American Culture · American Literature · Classic · Collection · Contemporary · Poetry · Southern Literature

Alison Pelegrin

Hot Sauce Shrine

I used to be a high priestess of tail-feather feel-good
mumbo jumbo, naysayer extraordinaire
cobbling together some crazy quilt catechism
to cling to as I tangled in the world’s thorns,
frantic, fearing the chill soon to come.
I haven’t turned holy roller or handler of snakes,
but things changed slowly, or all at once.
Maybe it was when I drove through a dust devil
and inhaled its grit of cut grass and cigarette butts.
I’ve taken to praying since the whirlwind
shook me loose, or anyway I dip my head
at stoplights until I get distracted by scenery,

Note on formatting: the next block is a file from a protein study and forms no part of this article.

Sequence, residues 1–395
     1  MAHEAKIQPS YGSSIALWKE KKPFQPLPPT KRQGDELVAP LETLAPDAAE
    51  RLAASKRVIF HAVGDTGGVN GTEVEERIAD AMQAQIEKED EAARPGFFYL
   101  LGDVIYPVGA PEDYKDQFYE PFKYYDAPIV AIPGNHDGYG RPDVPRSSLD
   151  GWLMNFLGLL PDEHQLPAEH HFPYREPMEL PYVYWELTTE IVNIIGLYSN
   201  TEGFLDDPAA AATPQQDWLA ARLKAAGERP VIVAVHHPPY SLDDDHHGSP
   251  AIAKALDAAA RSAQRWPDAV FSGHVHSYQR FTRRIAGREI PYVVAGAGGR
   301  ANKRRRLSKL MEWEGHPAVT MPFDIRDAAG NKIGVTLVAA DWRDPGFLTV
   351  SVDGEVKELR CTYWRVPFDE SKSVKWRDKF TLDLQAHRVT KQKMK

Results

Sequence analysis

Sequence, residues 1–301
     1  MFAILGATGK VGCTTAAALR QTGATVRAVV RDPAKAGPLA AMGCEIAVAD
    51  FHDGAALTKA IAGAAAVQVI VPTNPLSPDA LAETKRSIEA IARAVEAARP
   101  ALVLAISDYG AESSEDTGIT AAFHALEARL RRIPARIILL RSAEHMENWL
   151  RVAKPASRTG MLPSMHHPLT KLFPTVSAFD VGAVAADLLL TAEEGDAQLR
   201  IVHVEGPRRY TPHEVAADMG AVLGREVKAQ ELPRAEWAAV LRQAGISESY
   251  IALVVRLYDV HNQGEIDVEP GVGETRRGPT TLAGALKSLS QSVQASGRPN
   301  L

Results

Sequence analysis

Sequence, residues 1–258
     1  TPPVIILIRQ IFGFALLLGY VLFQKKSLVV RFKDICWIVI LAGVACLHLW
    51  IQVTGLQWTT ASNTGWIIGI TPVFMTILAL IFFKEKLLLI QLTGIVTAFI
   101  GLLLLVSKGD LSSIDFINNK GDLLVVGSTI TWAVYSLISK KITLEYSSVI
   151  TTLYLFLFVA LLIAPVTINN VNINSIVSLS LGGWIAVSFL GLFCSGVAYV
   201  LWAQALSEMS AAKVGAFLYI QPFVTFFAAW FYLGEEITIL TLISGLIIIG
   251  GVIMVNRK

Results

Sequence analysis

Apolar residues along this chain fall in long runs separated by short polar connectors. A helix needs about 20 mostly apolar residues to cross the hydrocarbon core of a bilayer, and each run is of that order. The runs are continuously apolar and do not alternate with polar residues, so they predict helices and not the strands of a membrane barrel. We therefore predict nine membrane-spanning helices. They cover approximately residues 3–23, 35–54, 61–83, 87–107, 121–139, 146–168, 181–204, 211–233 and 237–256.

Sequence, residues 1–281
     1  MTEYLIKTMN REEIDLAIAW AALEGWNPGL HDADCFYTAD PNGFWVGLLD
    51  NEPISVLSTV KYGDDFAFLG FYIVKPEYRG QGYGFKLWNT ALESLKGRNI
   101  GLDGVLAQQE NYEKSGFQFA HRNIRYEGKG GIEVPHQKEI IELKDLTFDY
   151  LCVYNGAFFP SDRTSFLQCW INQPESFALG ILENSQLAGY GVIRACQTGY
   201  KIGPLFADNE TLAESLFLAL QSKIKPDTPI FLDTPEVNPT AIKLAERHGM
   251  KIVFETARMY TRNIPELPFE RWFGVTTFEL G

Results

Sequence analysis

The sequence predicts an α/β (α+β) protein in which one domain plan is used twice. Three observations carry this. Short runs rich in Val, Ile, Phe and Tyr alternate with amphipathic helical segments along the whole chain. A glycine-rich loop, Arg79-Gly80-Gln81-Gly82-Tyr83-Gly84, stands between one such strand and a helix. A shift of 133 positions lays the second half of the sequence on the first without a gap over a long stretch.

or birds, and the prayers come out confused.
I’m clueless—my angel of place smokes blunts
and speaks to me in bug bite braille. I know
to visit Saint Roch and turn his statue to the wall,
but I hunger for alone time on an island
with an organ that plays itself, or to whisper
all my secrets to the hot sauce shrine.
I read that the world is a dream of God,
and now I don’t know what to do with my hands.
The world is God’s dream and I am a sparrow
passing through song and the brass glow of fire,
or maybe that is wrong, and I’m trapped inside,
stunned against the glass or down the chimney,
terrified of kind hands that sweep me to the door.
When I wake I’m walking the moonlit labyrinth
with wet feet, and the birds are quiet because
I have terrified them with the thunder
of my stumbling. Oh God of everything that creeps,
I light a candle and ask my question:
Is it pilgrimage enough if I spend my life
remembering the few seconds I was a bird?

Alison Pelegrin, Waterlines: Poems (Louisiana State University Press, 2016)

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